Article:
At the end of November, the international group exhibition Holding Pattern opens at Kunstnernes Hus. Curated by author Tom McCarthy and Anne Hilde Neset, it inquires into the patterns that “govern our lives,” specifically the influence of the technologies we interact with in everyday life. In this respect, it has something in common with Susanne Winterling’s exhibition at Kunsthall Trondheim – which is, incidentally, looking for a new director after Stefanie Hessler resigned before the summer. Winterling focuses on the impact made on our bodies by the systems that surround them, through a more specifically biotechnological lens.

Victor Lind, Monument – The Perpetrator, 2005. 

Less obviously concerned with the future, Haugar Kunstmuseum has dedicated its autumn programme to two heavies of Norwegian art. First up is Victor Lind with Friheten må gjestfri være (Freedom must be hospitable), a retrospective that spans six decades and wishes to adjust the general impression of Lind as a programmatic political artist by bringing out an “often poetic undertone that is first and foremost preoccupied with the individual’s human dignity.” Lind is followed by Bjarne Melgaard, who is known for a more misanthropic timbre. In Fuck Me Safer, Melgaard’s installation Baton Sinister, made for the Venice Biennale in 2011, will be accompanied by a selection of paintings from the last thirty years. The opening coincides with the release of curator (and former Kunstkritikk writer and editor) Erlend Hammer’s book about the artist.

Speaking of books: the first publication in the series Verdenskunst – hverdagskunst (World Art – Everyday Art), initiated and edited by Ellef Prestsæter and published by Torpedo Press, launched last weekend at the Guttormsgaard archive at Blaker. Elva er et annet sted – bilder fra tømmerfløting på Glomma (The river is a different place – photos from timber floating on the Glomma) documents the last year of timber floating,1985, as seen through the camera of Hans Hamid Rasmussen; according to the review (forthcoming on Kunstkritikk), the book reads as an elegy “for the loss of values ​​that cannot be measured by production efficiency.” The archive is also launching two new formats this fall. In response to the ongoing drive to digitise collections, the entire archive will be physically accessible to the public beginning this October. This will be followed by a “handling session,” an exhibition centred exclusively on the book Og så kom befrierne (And then the Liberators Came, 1945) by Albert Jærn, with woodcuts documenting life during the German occupation of Norway; a re-issue is in the works.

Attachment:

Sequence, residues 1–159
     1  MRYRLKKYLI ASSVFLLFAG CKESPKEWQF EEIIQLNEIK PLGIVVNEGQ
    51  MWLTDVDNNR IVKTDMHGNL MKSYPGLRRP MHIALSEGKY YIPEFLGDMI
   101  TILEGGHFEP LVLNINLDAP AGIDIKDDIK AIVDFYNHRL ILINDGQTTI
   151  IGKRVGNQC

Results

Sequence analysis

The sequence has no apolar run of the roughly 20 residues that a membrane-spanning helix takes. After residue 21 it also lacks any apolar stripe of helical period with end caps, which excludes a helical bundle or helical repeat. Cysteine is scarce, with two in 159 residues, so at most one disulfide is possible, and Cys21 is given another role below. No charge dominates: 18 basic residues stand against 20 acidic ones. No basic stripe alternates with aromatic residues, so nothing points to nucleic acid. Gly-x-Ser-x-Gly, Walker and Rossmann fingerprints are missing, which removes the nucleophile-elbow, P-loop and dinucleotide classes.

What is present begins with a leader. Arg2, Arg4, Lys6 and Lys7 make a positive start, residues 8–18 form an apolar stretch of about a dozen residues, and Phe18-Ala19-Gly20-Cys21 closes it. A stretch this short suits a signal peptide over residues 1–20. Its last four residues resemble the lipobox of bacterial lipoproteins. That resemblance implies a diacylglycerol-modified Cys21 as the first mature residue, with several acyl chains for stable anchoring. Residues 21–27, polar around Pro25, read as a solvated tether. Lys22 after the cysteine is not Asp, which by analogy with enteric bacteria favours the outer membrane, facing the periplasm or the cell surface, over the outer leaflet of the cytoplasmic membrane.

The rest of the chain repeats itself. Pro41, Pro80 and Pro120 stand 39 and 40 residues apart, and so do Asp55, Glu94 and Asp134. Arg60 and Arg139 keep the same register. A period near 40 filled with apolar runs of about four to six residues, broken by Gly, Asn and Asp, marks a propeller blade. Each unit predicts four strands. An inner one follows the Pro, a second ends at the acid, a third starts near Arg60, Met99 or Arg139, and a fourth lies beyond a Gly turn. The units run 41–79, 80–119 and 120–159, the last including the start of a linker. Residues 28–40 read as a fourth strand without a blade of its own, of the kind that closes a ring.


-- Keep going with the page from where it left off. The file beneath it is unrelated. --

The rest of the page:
At Stavanger Kunstmuseum, history will be revisited and revised when an exhibition featuring the underrated American modernist sculptor Ruth Asawa (1926–2013) opens in early October. Alongside a selection of the distinctive ceiling-hung metal wire sculptures for which Asawa is best known, the exhibition emphasises the artist’s Black Mountain College-inspired holistic approach to artistic practice and the importance she attributed to art as part of general education. Shortly afterwards, Stavanger Kunsthall will present an exhibition featuring New York-based Cindy Ji Hye Kim, showing paintings, works on paper, and sculptures that “explore [we need a new verb to describe what artists do!] memory and the representation of personal stories.”

Cindy Ji Hye Kim, Factory of Plots (detail), 2022. Graphite on silk, beech stretcher, 172.7 x 132.08 x 3.18 cm. Courtesy of the artist and Casey Kaplan, New York. Photo: Kyle Knodell.

Sørlandets Kunstmuseum is busy moving into its newly built Kunstsilo venue. In the meantime, the museum will offer an interlude in the form of a travelling exhibition of political prints from the 1960s and 70s. Hailing from the Tangen collection, the prints have been curated under the title Hvem eier morgendagen? (Who owns tomorrow?), fitting it to the autumn’s overarching futuristic theme. A retrospective featuring Søssa Jørgensen and Geir Tore Holm at Kristiansand Kunsthall delves into a collaboration that goes all the way back to the early 1990s, testifying to a social and processual vein of art that constitutes a clear precursor to the neo-relational – albeit generally more therapeutically motivated – eco-art that has sprung up in recent years. 

Of course, Trondheim Kunstmuseum also offers its take on future. The Future is _____ constitutes the museum’s contribution to the overall Queer Cultural Year celebrations in Norway. Through play and sensory experiences, the exhibition invites the public to envision what the next fifty years will be like (hint: non-binary). In mid-September, the museum’s department at Gråmølna will be taken over by Marte Elise Stramrud who will show a new series of ceramic sculptures where, as before, she combines references to Pop and applied art, but this time on an “almost impossible scale.”

At the end of September, the platform ‘Coast Contemporary’ arranges a three-day event about modern witch hunts in Tromsø. Organiser Tanja Sæter explains that witch hunts are still a big problem globally, and she will be helped in her efforts to open the eyes of the world by Italian-American philosopher Silvia Federici and a group of artists including Synnøve Persen, Ànde Somby, and Bendik Giske. On the programme is also a trip to the Ethiopian artist Romel Themsgen’s exhibition at Tromsø Kunstforening, which opened last week. Something must be done to stop this! (The witch hunts, that is, not Themsgen’s exhibition.)

Marte Elise Stramrud, 1485/767, 2022. Ceramics, 18 x 32 x 14.5 cm.

The article is translated from Norwegian.